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Brian Fargo Interview at GameInformer
Interview - posted by Crooked Bee on Sun 3 June 2012, 07:13:56Tags: Brian Fargo; InXile Entertainment; Wasteland 2
Another interview with Brian Fargo has appeared, this time at GameInformer. He doesn't really say anything new in this interview, but hey, criticizing publishers and praising fans just never gets old:
We were doing these products for Electronic Arts. We were surviving, but we weren’t making much money…. We had had hit after hit after hit, and I said I had to change my business model, because this was as good as it gets at the time. So I decided to become a publisher, and one of my first games was Battle Chess. I went to Electronic Arts and said, “I’d like to keep doing Wasteland.” They said, “Well, it’s our trademark, and if you want to do it you have to do it for us.” I wasn’t making money doing that, so it really made no sense. I then got Interplay rolling as a standalone publisher…and I continued to pester them, asking if there was any chance they’d let it go. The answer was pretty consistently “no.” So finally, I said, “Fine. We’ll just do our own Wasteland.” And that’s when I kicked off Fallout.
Then finally in the early 2000s I left Interplay, and now I had neither Fallout nor Wasteland, and so I was a man without a post-apocalyptic world. I was able to work a deal out where I got the trademark to Wasteland. I said, “Okay, I’m finally going to do this thing!” I went out and pitched the idea, and I didn’t really get anywhere, and I was surprised. And then Fallout 3 came out and sold four or five million copies. So I went and hired one of the co-creaters of Fallout, Jason Anderson, I got Mike Stackpole aboard again, and I [personally] had produced both products. I went out, and I went into my pitch meetings and said, “Okay guys, this pitch is as good as it gets. I will never come to you with a better one.”
I got nowhere. I didn’t even get to a point where people would question the budget or anything; it was just a complete pass for different reasons. They wanted to do their own properties, or they didn’t want to do a role-playing game and compete against BioWare, or whatever. Every excuse was completely different. I was surprised; I was a publisher once and I thought, “If someone came to me with this I’d do it in two seconds.” But over the years I continued to hear from fans that wanted it made.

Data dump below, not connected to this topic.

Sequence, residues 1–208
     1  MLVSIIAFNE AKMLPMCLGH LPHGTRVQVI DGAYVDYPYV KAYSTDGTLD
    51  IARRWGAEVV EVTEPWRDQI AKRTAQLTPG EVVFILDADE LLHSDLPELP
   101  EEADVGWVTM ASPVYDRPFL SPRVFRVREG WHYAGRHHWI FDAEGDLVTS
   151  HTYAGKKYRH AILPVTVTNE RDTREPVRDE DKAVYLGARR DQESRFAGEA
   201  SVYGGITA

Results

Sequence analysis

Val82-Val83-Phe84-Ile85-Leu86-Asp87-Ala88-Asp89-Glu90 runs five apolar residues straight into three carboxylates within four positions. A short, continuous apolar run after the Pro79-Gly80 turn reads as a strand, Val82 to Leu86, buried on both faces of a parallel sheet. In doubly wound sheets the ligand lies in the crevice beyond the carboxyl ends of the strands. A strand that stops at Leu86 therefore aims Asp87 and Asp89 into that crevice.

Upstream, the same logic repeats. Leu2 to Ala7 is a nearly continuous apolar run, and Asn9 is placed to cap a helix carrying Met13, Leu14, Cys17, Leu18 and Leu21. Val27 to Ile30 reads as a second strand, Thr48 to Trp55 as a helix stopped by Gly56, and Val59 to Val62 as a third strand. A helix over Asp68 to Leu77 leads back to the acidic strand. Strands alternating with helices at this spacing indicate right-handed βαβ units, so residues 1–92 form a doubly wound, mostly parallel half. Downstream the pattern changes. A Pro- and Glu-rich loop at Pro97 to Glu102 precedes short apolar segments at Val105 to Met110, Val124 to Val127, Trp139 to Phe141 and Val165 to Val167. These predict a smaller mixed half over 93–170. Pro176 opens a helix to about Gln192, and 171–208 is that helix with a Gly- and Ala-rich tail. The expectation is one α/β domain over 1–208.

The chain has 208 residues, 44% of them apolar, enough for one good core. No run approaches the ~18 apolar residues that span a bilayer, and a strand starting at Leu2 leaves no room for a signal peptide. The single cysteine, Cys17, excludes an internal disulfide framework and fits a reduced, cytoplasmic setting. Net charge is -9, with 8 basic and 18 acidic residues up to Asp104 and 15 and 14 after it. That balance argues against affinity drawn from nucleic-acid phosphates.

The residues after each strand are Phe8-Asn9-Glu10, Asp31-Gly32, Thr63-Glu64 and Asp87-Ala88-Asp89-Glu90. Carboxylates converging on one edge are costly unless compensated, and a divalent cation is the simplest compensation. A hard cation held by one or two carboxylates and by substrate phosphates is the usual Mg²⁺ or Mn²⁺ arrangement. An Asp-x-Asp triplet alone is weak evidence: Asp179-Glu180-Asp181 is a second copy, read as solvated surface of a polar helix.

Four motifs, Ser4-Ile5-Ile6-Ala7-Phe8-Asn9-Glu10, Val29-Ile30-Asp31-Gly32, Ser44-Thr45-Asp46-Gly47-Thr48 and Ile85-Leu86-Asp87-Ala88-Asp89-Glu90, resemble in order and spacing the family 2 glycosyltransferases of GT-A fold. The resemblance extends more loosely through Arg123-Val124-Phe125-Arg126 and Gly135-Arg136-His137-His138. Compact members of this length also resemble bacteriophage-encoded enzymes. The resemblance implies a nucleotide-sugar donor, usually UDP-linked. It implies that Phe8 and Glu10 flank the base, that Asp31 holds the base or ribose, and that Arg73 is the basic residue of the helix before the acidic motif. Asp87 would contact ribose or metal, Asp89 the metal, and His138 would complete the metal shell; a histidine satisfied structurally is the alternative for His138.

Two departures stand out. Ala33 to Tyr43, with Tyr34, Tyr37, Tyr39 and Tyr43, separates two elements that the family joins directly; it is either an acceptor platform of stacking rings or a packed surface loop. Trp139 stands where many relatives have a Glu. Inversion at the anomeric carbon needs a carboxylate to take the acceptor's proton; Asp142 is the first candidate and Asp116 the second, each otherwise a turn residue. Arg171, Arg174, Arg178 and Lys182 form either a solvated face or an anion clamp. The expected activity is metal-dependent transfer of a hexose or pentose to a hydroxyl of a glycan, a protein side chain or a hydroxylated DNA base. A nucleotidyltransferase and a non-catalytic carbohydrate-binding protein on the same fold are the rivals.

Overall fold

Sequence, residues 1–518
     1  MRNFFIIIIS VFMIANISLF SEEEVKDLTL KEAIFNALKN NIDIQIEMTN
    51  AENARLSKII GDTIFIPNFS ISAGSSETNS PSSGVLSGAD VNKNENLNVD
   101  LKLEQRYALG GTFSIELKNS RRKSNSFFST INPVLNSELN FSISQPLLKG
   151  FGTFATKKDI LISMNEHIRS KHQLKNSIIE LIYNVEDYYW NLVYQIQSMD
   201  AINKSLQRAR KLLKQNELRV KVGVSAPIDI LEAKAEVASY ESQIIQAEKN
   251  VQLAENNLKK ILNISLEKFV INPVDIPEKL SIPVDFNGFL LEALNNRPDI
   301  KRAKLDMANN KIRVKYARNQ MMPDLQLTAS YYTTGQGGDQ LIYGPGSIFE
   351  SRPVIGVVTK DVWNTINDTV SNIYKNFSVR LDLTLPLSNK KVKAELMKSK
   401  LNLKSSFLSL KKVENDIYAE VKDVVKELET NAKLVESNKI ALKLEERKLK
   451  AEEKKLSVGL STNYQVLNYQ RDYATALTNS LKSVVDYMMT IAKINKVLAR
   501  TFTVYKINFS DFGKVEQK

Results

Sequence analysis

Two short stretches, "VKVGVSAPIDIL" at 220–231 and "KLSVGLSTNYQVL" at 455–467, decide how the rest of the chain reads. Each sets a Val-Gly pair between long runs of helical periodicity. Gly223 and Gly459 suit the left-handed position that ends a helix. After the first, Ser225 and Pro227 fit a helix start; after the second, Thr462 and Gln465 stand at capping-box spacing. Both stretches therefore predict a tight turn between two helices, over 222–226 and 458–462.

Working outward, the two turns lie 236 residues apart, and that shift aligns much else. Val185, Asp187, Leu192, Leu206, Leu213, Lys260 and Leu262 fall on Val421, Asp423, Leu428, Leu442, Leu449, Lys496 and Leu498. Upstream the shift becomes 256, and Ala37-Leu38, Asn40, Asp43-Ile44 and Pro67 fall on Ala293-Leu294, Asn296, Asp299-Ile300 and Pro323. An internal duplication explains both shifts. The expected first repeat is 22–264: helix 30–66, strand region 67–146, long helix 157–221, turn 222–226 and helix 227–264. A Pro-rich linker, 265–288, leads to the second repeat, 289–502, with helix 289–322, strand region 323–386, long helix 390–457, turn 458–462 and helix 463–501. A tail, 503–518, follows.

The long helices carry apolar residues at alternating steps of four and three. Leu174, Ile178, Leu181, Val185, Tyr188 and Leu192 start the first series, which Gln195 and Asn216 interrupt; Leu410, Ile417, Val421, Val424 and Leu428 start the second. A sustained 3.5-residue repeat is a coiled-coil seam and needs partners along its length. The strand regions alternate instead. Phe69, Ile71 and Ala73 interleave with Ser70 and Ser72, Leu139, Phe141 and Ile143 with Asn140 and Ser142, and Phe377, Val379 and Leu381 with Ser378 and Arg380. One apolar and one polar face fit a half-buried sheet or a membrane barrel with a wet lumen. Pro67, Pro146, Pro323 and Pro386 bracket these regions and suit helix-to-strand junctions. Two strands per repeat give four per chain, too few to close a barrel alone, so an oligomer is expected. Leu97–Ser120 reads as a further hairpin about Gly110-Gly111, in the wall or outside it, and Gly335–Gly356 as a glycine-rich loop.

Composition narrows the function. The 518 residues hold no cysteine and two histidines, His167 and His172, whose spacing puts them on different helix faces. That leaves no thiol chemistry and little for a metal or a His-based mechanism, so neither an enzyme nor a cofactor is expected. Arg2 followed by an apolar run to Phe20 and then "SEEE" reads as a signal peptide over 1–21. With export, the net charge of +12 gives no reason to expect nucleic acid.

Kickstarter had been around, but I’d never focused on it because of the size of the deals. But then boom, Tim Schafer does a million dollars in 24 hours, and that got me thinking. The fans were right in sync with me, saying, “Hey Brian, this could be the chance to do a Wasteland sequel finally.” I pretty much dropped everything at that point because I saw an opportunity with Kickstarter that this could be the thing that saves the middle-size developer.
You’ve got this huge gap now. You’ve got the big triple-A developers, who typically have these housekeeping deals with the publishers where they’ll keep feeding them these 10-30 million-dollar projects and keeping them alive. Then you’ve got the small little indies doing their stuff, which is great, but they’re just two or three or four or five people. When I say mid-sized, I mean 15-20 people. I’m not talking about a huge company. I saw [Kickstarter] as a way to save the mid-sized developer, us included, so I dropped everything and jumped on it.
I worked with the fans day one. The way we made this happen is a microcosm of how the product is going to happen. I didn’t just invent the tiers and throw it out there; I set up a whole bulletin board system and forums and then threw the tiers at them and said, “What do you guys think?” I went back and forth with the fans, triangulating on what the right tiers were. And thank god I did, because there are a lot of counter-intuitive things that you wouldn’t see coming if you hadn’t worked with the fans…It’s been successful, and I’m going to continue that same communication throughout the entire process.
The full interview is just a click away.